With so many brilliant filmmakers emerging from various Asian countries making so many extraordinary movies, it’s a wonder that American filmmakers are so insistent that the only good version of a movie is an English-language version. I personally don’t so much mind the “remake” aspect of it except that few ever take the chance to re-imagine the material. If I’m being absolutely serious, I would probably choose Park Chan-Wook’s original 2005 Korean iteration of the Japanese comic book adaptation but for this article I chose the remake specifically because it is on the right trajectory, even if it ultimately misses the mark. Spike Lee puts aside his characteristic self-righteousness and hyper-self-awareness for this movie, and instead sinks in to a self-abandon and irreverence that suits him remarkably well. Oldboy is twisted and ridiculous and saturated in sex and violence and obsession: here, for maybe the first time ever, Lee lets the darkness and tragedy permeate his movie without feeling the need to inject it with some pre-destined meaning – and its revelatory.
The film tells the story of drunken lothario ad man Joe Doucette (Josh Brolin) who is one day inexplicably locked inside a windowless hotel room for twenty years after he is framed for the rape and murder of his estranged wife. One day out of the blue, he wakes up inside a steamer trunk in the middle of a green field, clean-shaven and dressed in a sharp Johnny-Cash-esque black suit with a cell phone and a banker’s bag full of cash. Joe immediately sets out on a mission to find his daughter, but is interrupted when he is contacted by his mysterious jailer (Sharlto Copley) who promises him a new life and twenty million dollars-worth of diamonds if he can figure who his jailer is and why he locked him up for two decades in two days. With the help of lovely young drug clinician Marie (Elizabeth Olsen), Joe slowly starts to put the puzzle pieces together leading him closer to finding his daughter, but also taking him down a path of irreversible emotional repercussions. Lee and his screenwriter Mark Protosevich take a much more straightforward approach to their version of the story, trimming off most of the fantastical eccentricities of the Korean version (No, unfortunately Brolin doesn’t get to eat a live octopus) and filling the gaps of interest with heightened and elaborate color palates and displays of gore on par with the bloodiest of horror films. It is such a good base for a wholly unique vision of the story, but it is never taken quite far enough, perhaps because Lee isn’t quite used to being so unabashedly unforgiving like contemporary filmmakers such as Quentin Tarantino or Nicholas Winding Refn. I will say one thing for this version though – I vastly prefer the American ending to the Korean ending for its contriteness and emotional catharsis.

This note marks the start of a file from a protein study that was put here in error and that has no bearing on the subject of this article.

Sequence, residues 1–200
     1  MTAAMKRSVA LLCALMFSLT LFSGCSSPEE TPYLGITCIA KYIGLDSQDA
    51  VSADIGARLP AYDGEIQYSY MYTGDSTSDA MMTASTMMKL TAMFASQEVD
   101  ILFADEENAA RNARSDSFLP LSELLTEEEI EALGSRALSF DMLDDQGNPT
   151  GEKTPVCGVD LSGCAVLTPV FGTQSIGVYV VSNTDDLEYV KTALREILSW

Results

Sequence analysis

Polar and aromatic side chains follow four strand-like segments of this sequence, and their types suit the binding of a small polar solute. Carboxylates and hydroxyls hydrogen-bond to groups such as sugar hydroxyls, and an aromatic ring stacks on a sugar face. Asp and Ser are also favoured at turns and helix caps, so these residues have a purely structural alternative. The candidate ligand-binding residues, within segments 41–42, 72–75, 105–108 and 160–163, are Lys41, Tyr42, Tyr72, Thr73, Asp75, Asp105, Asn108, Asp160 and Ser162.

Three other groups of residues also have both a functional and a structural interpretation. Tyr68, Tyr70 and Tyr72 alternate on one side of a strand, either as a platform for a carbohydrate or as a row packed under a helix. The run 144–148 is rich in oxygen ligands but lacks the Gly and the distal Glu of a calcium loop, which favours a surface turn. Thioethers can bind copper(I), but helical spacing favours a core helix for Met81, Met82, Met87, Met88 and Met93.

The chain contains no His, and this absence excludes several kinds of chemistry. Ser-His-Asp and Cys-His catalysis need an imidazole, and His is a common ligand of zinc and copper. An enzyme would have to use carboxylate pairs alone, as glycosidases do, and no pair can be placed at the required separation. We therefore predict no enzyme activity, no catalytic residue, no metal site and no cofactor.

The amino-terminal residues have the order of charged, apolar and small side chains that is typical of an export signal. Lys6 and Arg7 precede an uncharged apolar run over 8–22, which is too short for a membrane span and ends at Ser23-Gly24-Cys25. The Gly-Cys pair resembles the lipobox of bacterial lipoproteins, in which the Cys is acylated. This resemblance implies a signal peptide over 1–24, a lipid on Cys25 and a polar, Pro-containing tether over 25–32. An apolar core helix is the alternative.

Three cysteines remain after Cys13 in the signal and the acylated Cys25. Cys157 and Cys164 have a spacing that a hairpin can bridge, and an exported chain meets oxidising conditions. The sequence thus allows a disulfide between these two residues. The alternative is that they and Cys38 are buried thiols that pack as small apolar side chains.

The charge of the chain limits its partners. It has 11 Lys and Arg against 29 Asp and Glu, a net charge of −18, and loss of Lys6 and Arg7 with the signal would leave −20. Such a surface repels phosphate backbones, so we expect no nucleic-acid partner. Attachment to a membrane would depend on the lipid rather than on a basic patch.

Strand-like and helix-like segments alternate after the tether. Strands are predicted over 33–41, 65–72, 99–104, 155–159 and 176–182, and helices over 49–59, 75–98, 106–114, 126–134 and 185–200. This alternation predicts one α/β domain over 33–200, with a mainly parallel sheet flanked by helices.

When you compare the mirror scenes of the 2005 and 2013 versions (I don’t really like measuring remakes and originals against each other, but these two are so similar its easier to provide a context for the criticism when looking at them back to back), he sequences of action do not differ from what they are, but they do differ in their presentation. The infamous long-shot hammer fight is one of the few scenes in the whole film that, though it seems nearly identical, is subtly its own hard-hitting beast. It, like every other moment of violence in the film, has an overwhelming sense of weight and terror with chillingly impactful sound design that blasts full-force with every thwack and thud through your nerves and bones. Come to think of it, save for a brawl with some rowdy teenagers (also gruesome with that stranger-than-fiction realism that bleeds into fantasy), the hammer fight is the only real action sequence of the whole movie – but its such a feast that is mere inclusion is enough for the film, though it can be called by many genre names, to be hailed as an action movie.